Since its launch, the 5900X has become one of AMD’s most appealing processors. It has enough cores to rival Alder Lake’s best chips in terms of multithreaded dominance. Additionally, the single-core IPC gains and fixes to lag implemented across the Zen3 lineup make it a compelling choice for users who play as hard as they work.
The chip has even experienced a significant price cut, making it even more accessible. But a CPU as versatile as this can get hot, which makes finding the best CPU cooler for Ryzen 9 5900X one of your top priorities. Take the guesswork out of the equation and let our guide point you in the right direction.
Best High-End AIO for Ryzen 9 5900X: Corsair iCUE H115i Elite Capellix
Corsair’s righter and energy-efficient Capellix lights debuted in their Dominator Platinum RAM, so it was just a matter of time before they spread to other components. AIOs were the first to get the royal treatment, and the H115i is the 280mm result. It’s one of the most effective coolers on the market but can also be among the quietest if you aren’t pushing your CPU to its limits. There are less expensive options, but nothing comes close to the level of versatility on offer.
Unlit, Corsair’s cooler doesn’t look particularly inspiring. The pump head is square-shaped, courtesy of CoolIt, and it has four screws that hold an acrylic top in place. The default top is darker with sharp lines and a glowing Corsair logo. You may exchange it for a breezier variant that lets out more light from the 33 Capellix LEDs inside. The bottom is finely milled copper and comes with a pre-applied thermal compound.
The radiator is the H115i Elite Capellix’s least engaging component. It’s sturdy and functional but otherwise nondescript. More importantly, it’s the home of two heavy-duty transparent ML-140 fans. They have a wide RPM range of 400-2,000. Each can push a whopping 97 cubic feet of air per minute at a respectable pressure of 3mmH2O, allowing for uninterrupted airflow even inside cluttered cases.
The package also contains the Commander Core, an accessory used to coordinate power and lighting for various Corsair components. It provides both for six units, meaning you can hook up four more case fans while the 115i is active. The Core itself draws power through a SATA cable, making for a much tidier presentation.
You control the H115i through Corsair’s acclaimed iCUE software. It’s the most advanced lighting program, allowing you to choose among numerous cool effects or implement your own. It also acts as temperature & status monitoring software and lets you set up several profiles for different cooling efficiency levels.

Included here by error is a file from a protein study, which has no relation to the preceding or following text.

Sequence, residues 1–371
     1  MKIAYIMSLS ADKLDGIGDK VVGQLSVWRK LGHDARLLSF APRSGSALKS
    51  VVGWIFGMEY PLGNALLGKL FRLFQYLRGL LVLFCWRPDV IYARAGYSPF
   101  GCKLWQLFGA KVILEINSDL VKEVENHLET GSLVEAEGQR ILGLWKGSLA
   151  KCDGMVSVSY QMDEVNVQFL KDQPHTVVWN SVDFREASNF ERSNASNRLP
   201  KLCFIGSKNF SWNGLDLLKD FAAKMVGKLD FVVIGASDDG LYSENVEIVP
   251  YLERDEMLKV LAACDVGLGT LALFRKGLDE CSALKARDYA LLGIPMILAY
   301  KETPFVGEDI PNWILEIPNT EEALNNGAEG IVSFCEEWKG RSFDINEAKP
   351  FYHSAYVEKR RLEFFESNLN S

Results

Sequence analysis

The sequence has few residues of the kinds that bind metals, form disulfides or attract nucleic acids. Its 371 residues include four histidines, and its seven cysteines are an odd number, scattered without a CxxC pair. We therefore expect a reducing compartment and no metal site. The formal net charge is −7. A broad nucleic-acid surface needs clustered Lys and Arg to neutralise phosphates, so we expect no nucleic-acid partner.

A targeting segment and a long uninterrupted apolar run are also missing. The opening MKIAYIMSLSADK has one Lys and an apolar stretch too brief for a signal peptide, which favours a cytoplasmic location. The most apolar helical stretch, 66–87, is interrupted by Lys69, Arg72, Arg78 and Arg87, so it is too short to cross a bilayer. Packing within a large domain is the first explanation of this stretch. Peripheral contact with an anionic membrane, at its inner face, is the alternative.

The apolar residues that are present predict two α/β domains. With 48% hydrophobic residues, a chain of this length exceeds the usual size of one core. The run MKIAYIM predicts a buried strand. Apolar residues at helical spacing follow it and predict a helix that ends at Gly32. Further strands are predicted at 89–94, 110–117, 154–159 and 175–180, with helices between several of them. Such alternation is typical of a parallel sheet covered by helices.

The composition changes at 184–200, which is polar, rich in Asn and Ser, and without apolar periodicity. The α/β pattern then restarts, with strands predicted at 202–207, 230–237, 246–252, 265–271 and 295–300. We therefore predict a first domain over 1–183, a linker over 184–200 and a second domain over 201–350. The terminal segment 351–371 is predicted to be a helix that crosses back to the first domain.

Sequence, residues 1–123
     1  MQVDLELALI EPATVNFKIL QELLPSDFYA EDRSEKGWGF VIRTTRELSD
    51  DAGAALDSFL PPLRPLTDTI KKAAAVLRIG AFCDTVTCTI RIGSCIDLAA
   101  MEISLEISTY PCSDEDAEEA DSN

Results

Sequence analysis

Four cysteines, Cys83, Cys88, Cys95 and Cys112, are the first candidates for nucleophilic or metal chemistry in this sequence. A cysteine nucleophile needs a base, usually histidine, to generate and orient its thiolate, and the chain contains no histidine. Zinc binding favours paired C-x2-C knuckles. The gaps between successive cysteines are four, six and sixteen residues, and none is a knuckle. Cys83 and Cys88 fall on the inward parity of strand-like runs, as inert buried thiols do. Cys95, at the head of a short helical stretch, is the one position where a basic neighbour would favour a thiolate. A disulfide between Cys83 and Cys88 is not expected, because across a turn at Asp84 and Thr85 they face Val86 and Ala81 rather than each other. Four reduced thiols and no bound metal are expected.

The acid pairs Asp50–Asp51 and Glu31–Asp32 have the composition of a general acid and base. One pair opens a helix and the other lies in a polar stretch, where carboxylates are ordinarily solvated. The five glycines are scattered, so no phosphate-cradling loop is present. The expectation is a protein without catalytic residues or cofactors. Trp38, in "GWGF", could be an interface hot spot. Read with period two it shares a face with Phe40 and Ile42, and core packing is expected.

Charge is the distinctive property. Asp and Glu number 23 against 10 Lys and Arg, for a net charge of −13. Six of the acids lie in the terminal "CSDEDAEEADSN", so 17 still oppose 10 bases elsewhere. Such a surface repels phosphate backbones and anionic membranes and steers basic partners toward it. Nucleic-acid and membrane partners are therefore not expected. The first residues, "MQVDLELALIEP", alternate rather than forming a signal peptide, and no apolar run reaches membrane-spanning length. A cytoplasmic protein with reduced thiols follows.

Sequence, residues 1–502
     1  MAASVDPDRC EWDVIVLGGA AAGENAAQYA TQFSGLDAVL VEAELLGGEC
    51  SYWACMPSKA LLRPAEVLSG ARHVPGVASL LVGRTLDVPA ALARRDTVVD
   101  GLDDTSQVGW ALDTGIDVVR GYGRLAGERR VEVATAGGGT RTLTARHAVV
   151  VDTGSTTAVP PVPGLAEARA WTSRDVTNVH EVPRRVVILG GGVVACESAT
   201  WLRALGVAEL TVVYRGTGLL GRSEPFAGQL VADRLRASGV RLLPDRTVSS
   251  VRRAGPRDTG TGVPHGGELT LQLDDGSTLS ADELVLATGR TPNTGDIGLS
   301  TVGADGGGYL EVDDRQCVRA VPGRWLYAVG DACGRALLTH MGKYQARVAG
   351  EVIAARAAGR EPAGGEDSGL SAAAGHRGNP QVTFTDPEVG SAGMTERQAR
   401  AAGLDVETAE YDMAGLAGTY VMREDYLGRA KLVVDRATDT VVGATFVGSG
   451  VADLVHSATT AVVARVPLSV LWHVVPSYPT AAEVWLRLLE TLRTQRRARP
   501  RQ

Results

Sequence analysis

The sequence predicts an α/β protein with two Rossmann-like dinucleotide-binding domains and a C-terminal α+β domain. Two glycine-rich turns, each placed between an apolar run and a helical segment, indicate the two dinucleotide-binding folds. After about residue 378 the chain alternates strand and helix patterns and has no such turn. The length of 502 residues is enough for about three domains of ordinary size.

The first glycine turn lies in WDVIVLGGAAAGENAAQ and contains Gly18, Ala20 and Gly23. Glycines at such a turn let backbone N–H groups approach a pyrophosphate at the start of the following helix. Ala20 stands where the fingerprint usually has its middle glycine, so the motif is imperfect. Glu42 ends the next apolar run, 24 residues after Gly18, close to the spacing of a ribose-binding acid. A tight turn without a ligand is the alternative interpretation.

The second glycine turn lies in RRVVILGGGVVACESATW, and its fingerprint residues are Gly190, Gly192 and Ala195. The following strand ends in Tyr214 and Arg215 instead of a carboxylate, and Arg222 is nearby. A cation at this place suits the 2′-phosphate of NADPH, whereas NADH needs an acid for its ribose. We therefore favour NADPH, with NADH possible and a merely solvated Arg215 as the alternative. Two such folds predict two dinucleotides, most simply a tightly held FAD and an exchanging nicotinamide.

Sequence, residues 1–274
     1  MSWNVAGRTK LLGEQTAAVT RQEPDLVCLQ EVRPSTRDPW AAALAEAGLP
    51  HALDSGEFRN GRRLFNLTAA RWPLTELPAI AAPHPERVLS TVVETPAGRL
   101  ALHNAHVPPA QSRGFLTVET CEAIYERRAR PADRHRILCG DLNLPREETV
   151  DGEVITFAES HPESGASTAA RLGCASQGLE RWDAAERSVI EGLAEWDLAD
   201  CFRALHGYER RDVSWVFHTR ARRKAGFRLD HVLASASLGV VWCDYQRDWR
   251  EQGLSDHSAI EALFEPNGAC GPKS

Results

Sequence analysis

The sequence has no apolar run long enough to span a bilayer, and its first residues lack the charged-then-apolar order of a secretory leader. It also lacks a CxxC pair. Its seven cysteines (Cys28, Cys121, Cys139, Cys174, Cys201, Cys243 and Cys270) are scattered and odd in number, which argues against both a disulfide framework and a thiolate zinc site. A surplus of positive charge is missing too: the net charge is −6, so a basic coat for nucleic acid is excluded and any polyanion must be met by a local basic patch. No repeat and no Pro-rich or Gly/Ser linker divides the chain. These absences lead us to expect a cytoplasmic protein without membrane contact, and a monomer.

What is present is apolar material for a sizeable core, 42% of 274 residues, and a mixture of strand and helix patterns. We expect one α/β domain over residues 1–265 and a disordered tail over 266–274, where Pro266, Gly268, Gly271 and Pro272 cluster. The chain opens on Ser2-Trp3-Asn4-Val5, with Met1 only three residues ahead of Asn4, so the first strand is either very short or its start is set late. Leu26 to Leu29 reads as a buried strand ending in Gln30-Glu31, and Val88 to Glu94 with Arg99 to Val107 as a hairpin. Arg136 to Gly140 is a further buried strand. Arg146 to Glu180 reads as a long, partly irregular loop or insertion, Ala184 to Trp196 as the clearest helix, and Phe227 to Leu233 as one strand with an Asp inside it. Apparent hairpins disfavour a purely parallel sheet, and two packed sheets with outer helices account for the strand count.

That’s where the H115i comes into its own. Choosing Extreme turns it into the most effective cooler around, provided you aren’t bothered by the excessive noise. Most users should get the best performance out of Balanced. It’s possible to switch to Quiet and drastically reduce generated noise with relatively few concessions in terms of thermals.
Best Mid-Range AIO for Ryzen 9 5900X: Arctic Liquid Freezer II 280
It’s rare to see a PC component that excels at everything from performance to price. Arctic’s Liquid Freezer II 280 is about as close as it gets. It offers innovative and efficient cooling and effortless installation but might not even cost you $100! Arctic even released an ARGB version for people who yearned for the feature to be included in the original. This is the cooler most 5900X users should find more than satisfactory.
MSI’s Coreliquid 360R is a slightly pricier alternative. It’s great if you’re after a competent 360mm AIO instead but don’t want to break the bank when buying one.
Outsourcing pump designs is a standard practice that allows manufacturers to skip the R&D part. It’s also limiting since they need to adhere to Asetek and CoolIt’s patents. Arctic would have none of it, choosing to start from scratch and build a unique design instead. The result is a weird-looking but effective pump head accommodating a 40mm fan. The air it moves around exits a three-sided duct and can help cool the RAM, GPU backplate, or VRM depending on placement.